Book Epistemic Game Theory II

Book in progress

Epistemic Game Theory II: Non-Standard Games

In March 2018, I started working on a new textbook called "Epistemic Game Theory II: Non-Standard Games".

It will be a follow-up to my book called "Epistemic Game Theory: Reasoning and Choice". The purpose of the new book will be to explore non-standard games, such as games with incomplete information, games with unawareness and psychological games, in a unified way from an epistemic perspective.

In games with incomplete information the players may have uncertainty about the opponents' utility functions. In games with unawareness the players may be unaware of some choices for the opponents, or even some of the choices for themselves. In psychological games, the utility of a player may not only depend on his choice and and his first-order belief about the opponents' choices, but also on what he believes about the opponents' beliefs.

Despite the difference between these various classes of games, this book will show that these games can be explored in a unified way from an epistemic perspective. For each of these game classes, we will investigate the central concept of common belief in rationality and an associated recursive procedure, together with some version of Nash equilibrium and correlated equilibrium.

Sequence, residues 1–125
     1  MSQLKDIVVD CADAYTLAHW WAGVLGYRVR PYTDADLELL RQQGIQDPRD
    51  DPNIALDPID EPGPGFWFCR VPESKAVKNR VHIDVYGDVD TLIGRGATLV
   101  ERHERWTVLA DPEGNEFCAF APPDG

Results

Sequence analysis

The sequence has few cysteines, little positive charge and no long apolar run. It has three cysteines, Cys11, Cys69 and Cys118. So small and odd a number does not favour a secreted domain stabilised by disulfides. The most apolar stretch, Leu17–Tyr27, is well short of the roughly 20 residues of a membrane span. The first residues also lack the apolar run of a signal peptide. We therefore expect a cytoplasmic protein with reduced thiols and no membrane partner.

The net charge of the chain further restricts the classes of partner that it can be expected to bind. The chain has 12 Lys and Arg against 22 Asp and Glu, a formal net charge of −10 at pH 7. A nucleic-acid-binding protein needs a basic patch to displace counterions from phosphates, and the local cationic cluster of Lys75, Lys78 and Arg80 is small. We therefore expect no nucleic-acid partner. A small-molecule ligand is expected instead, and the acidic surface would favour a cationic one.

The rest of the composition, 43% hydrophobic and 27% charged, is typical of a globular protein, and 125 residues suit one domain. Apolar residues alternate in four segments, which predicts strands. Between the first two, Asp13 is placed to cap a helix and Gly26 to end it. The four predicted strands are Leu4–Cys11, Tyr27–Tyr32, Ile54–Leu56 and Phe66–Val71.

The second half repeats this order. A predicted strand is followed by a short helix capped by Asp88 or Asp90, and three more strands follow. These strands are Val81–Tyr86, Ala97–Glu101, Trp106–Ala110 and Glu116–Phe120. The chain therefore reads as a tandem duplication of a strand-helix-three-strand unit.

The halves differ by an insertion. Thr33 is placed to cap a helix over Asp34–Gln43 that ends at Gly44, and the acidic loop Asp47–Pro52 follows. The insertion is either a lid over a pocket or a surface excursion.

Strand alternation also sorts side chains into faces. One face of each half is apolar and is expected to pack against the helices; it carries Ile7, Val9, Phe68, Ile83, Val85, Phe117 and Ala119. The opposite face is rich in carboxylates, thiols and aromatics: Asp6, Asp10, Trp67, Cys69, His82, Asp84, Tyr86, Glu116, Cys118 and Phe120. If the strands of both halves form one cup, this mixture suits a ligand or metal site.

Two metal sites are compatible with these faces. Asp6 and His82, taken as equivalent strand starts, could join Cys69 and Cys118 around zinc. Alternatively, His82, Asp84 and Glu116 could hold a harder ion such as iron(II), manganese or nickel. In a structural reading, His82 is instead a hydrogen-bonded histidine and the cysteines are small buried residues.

The version of Nash equilibrium will always be characterized by the notion of a simple belief hierarchy, reflecting the idea that a player believes that his opponents are correct about his beliefs. The idea of a simple belief hierarchy, in combination with common belief in rationality, will lead to a Nash equilibrium in a standard game, to a generalized Nash equilibrium in games with incomplete information, and to a psychological Nash equilibrium in psychological games.

The version of correlated equilibrium will always be characterized by the new notion of a symmetric belief hierarchy. The idea of a symmetric belief hierarchy, in combination with common belief in rationality, will give rise to a correlated equilibrium in standard games, to a Bayesian equilibrium in games with incomplete information, and to a psychological correlated equilibrium in psychological games.

It will be shown that in games with unawareness, symmetric and simple belief hierarchies will lead to trivial situations of unawareness, and will therefore not be explored separately for this class of games.

In the book we will start with standard games as a reference point. Chapter 2 of the book, on common belief in rationality in standard games, and Chapter 3, on Nash equilibrium and correlated equilibrium in standard games, are now ready. The chapters can be downloaded below.

Part 1: Standard Static Games

Chapter 2: Common Belief in Rationality

2.1 Idea of common belief in rationality

2.2 Games and decision problems

2.3 Belief hierarchies, beliefs diagrams and types

2.4 Definition of common belief in rationality

2.5 Recursive procedure

2.6 Why the procedure works

2.7 Order of elimination

2.8 Proofs

Solutions to in-chapter questions

Problems

Literature

Chapter 3: Correct and Symmetric Beliefs

3.1 Correct beliefs

3.2 Symmetric beliefs

3.3 One theory per choice

3.4 Comparison of the concepts

3.5. Proof

Solutions to in-chapter questions

Problems

Literature